Self made, a popular hip hop mantra has always been comical to me, until lately. I found it preposterous that anyone could be self made given the likelihood that we all, at some point had a coach, teacher, or role model along with access to information, resources or inspiration. It would then be hard to argue that your success, at least in some part, cannot be attributed to these things.
Upon further deliberation my perspective on being self made has evolved. At 6’2, Stephen Curry’s draft scouting profile was replete with weaknesses, albeit ones that seem absurd in retrospect. He isn’t now Steph Curry with the Shot simply because his dad is a NBA veteran which gave him access to state of the art arenas. The mere presence of inspiration and resources aren’t solely responsible for his range, consistency and accuracy. Steph Curry pulling up at half court with confidence and flicking his wrist at more than 3000 degrees per second is something to behold. It is as exciting to watch as the most explosive dunks and dizzying crossovers. Pundits didn’t give him a chance but an unwavering work ethic and stubborn discipline did. Steph Curry is self made.
In January of 2014, a friend of mine sent me link to CS50 because I told him I wanted to become a software engineer. Upon completing that, I started the popular Stanford iOS course because I wanted to write software for iPhones and iPads. As with the Harvard course, I had to watch some of the lectures multiple times and sought online help with the assignments. Completing that course at the time required a lot of discipline. The mere availability of these courses, taught by experts in their field and distributed for free wasn’t enough for me to complete these courses. My desire to be a software engineer had to match my work ethic and discipline. Importantly, my obligations to my family and job couldn’t take a back seat as I pursued this goal. It was up to me, and me only to make the sacrifices required to make this work.
Completing these courses gave me the ability to make simple apps but I needed a job working as a software engineer. This meant I had to network with other engineers and prepare for the dreaded technical interview. I filled out at least 20 applications; rejections, some silent, came pouring in. The the first few interviews I landed, I bombed, but I kept practicing. At the recommendation of engineers online, I bought Solving it By Computer, The Algorithm Design Manual, Cracking the Coding Interview and read them respectively. These books taught me a lot and bolstered my critical thinking and problem solving skills.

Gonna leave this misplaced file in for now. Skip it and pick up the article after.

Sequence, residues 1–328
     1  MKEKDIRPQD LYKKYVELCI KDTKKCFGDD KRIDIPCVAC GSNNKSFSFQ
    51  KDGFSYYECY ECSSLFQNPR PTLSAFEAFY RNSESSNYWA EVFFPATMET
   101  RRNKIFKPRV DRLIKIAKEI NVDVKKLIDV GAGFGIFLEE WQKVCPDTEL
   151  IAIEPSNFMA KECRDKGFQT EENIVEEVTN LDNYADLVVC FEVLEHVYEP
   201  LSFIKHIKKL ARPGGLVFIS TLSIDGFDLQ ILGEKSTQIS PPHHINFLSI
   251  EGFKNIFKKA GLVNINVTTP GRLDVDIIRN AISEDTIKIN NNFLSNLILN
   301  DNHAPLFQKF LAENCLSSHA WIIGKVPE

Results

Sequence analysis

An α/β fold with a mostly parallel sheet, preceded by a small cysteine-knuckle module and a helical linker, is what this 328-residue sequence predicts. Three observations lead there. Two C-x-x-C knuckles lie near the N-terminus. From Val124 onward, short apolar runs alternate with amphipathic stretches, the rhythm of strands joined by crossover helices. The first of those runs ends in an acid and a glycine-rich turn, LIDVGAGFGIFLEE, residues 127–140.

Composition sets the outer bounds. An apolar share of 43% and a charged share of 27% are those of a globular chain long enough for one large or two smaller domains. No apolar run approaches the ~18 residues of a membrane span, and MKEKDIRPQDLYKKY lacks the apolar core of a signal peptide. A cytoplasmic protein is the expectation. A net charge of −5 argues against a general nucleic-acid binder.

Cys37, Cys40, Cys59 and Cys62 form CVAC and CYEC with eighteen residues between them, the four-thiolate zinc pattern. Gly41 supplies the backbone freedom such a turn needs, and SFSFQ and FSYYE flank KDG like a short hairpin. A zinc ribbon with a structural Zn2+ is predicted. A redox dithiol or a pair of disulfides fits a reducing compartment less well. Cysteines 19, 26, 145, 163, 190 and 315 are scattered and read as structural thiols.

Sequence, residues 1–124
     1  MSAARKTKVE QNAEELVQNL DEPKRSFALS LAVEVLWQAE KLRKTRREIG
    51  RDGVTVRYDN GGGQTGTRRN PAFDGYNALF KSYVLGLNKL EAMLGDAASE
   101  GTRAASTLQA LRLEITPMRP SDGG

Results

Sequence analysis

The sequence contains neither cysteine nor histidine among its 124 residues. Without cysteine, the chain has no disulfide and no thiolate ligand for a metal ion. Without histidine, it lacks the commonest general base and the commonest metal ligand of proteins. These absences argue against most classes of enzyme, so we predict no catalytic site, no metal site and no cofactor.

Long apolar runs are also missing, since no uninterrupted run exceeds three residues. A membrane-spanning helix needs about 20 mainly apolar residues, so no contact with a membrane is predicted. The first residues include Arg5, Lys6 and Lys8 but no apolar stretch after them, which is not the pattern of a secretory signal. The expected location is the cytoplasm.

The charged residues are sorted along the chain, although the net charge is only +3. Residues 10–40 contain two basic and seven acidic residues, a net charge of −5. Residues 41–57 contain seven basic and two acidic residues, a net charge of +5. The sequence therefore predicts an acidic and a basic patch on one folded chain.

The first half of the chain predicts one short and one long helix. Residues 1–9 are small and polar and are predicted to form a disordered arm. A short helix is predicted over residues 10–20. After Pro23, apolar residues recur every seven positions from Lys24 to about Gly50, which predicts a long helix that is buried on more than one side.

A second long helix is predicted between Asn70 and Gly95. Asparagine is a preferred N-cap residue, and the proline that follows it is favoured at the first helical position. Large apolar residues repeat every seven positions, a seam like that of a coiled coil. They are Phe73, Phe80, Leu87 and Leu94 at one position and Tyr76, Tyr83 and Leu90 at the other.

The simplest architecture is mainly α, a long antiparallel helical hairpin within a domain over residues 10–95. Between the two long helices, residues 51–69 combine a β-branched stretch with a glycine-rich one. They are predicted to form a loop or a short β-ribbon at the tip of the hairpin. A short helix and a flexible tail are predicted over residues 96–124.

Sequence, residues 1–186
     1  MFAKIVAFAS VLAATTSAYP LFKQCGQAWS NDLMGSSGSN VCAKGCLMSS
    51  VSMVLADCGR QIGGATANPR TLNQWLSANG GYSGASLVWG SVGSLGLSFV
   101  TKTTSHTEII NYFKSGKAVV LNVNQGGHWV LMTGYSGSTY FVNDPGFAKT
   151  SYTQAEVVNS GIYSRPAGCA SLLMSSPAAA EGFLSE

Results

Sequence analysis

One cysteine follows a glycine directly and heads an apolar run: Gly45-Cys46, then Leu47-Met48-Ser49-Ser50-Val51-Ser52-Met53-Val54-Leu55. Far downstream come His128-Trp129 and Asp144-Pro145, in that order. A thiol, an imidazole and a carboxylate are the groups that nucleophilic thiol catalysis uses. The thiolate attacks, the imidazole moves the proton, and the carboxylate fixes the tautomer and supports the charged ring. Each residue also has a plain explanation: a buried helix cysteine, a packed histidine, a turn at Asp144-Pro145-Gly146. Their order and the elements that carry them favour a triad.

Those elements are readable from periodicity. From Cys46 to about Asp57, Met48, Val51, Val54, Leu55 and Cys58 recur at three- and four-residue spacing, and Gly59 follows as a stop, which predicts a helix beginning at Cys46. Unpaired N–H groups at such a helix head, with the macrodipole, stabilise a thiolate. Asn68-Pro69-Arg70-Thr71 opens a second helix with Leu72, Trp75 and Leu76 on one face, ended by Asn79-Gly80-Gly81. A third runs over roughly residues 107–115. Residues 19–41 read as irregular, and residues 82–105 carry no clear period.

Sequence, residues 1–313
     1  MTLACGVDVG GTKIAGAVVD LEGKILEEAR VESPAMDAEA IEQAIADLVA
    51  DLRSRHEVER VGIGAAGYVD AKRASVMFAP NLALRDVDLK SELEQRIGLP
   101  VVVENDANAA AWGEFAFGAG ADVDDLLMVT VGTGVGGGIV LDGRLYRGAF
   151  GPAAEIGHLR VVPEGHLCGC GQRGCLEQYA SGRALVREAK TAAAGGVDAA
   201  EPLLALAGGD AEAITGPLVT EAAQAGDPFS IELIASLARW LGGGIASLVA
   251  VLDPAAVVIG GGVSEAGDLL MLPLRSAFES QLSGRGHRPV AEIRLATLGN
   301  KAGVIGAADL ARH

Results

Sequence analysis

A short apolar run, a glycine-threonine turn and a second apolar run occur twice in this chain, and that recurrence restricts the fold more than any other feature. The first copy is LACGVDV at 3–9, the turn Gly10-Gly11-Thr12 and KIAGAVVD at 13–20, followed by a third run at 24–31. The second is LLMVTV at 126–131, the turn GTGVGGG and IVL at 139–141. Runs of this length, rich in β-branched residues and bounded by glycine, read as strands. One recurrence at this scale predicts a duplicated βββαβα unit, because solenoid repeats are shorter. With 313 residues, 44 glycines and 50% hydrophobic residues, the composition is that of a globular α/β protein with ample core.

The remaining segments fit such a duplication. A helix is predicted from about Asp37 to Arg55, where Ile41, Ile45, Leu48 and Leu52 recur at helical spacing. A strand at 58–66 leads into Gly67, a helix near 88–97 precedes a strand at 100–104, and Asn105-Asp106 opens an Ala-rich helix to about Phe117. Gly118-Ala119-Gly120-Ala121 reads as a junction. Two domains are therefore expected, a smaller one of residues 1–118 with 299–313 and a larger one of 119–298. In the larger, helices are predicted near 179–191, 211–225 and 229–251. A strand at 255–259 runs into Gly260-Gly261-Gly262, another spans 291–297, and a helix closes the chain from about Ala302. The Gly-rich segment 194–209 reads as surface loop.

In February of 2016, Cate Huston who I didn’t follow at the time sent out this tweet which was retweeted onto my timeline by Gem Barret. I reached out and she was incredibly gracious. She scheduled a hangout and we spoke about what I was looking for. She took a look at my resume and suggested some changes. Further, she sent me some additional technical interviewing resources. I followed through and followed up. We scheduled a mock interview , which she did after flying back from South Korea and waking up at 6am. That helped me to identify my weak points which I sought to improve. Finally, she connected me with someone she knew was hiring. A few months later I had an interview at Glowforge. It’s been 8 months working my dream job.
There are a few notable things here. To be successful, it helps to put yourself in earshot of information that might prove useful. On Twitter, the majority of the people I follow are people I have never met but who have met the challenges I anticipate on my journey. Secondly, a mentor may have insights into what you can do to be successful but they cannot do the work for you! It is very important to follow up and follow through.
Now that I have a job, my goal is to become a better software engineer and help others who are starting out. To this end, I find mentors that I observe and talk to on a regular basis. My timeline mostly consist of content from iOS developers. I spend a good amount of my free time doing continuing education work or helping others. The journey continues.
Mentors and coaches can point you a path to follow but your success is more dependent on you following through and following up. self.made() is about taking yourself in its current state and transforming to one that you find more desirable. Only you can do that. It is true that this journey could vary remarkably from one person to next. It is true that society’s architecture is such that it may cast shadows on even the brightest dreams. But find mentors, reach out to them, follow up, and follow through. One day, you might be self.made().